• Commonly prescribed for: Management of inflammatory bowel disease (IBD) and certain types of colitis
  • Species: Dogs and Cats
  • Therapeutic Class: Locally Acting Corticosteroid

Basic Information:

Budesonide is a locally acting corticosteroid used in veterinary medicine to treat inflammatory bowel disease (IBD) and some forms of colitis in dogs and cats. Unlike systemic corticosteroids, budesonide acts primarily at the site of inflammation with minimal systemic absorption, making it a preferred choice for long-term management of these conditions.

Veterinary Medicine Uses:

Budesonide is particularly effective in managing:

  • Inflammatory Bowel Disease (IBD): Reducing gastrointestinal inflammation helps control symptoms such as diarrhea and vomiting.
  • Colitis: Used to reduce colon inflammation, especially when certain types of colitis are diagnosed.


  • Absorption and Metabolism: Budesonide has low systemic bioavailability due to high first-pass hepatic metabolism, which minimizes systemic corticosteroid-related side effects.
  • Formulation: Available in various forms such as capsules, tablets, oral suspensions, and transdermal gels, which can be customized through compounding pharmacies to suit individual patient needs.

Side Effects:

  • Common: Increased appetite, increased thirst, increased urination, and changes in hair coat.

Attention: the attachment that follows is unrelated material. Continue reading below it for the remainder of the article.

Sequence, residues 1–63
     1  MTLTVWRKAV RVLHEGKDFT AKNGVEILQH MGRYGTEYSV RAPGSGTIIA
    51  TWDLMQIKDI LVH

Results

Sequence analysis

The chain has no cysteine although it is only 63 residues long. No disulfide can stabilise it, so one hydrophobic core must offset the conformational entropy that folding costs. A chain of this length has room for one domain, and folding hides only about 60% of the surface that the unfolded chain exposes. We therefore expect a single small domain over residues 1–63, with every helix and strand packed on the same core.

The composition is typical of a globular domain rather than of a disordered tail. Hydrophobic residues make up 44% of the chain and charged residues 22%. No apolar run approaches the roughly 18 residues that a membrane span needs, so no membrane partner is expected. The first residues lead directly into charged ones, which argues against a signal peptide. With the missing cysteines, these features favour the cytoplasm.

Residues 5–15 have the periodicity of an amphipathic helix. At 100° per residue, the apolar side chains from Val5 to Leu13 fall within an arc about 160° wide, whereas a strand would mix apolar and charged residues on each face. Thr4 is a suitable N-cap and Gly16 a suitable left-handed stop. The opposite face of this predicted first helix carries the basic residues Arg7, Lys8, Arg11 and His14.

• Less Common: Muscle loss, weakness, black and tarry stools (indicating gastrointestinal bleeding).


  • Contraindications: Should not be used in animals with known hypersensitivity to the drug, and with caution in those with existing infections, diabetes, ulcers, cataracts, or liver impairments.
  • Interactions: May interact with drugs like erythromycin, ketoconazole, and diltiazem which inhibit the CYP3A enzyme responsible for its metabolism.

Drug Interactions:

  • Inhibitors of CYP3A: Drugs such as ketoconazole can increase systemic exposure to budesonide, potentially leading to an increased risk of side effects.
  • Antacids: Oral antacids can dissolve the enteric coating of some budesonide formulations, altering its absorption and effectiveness.

Overdose Management:

Emergency Care: In case of overdose, immediate veterinary care is required, potentially involving gut-emptying protocols and supportive care to manage symptoms such as severe weakness or collapse.

Administration Tips:

Dosage and Administration: It is crucial to follow the veterinarian’s prescription regarding the dosage and frequency of administration. Never double doses or change the dosing schedule without consulting the veterinarian.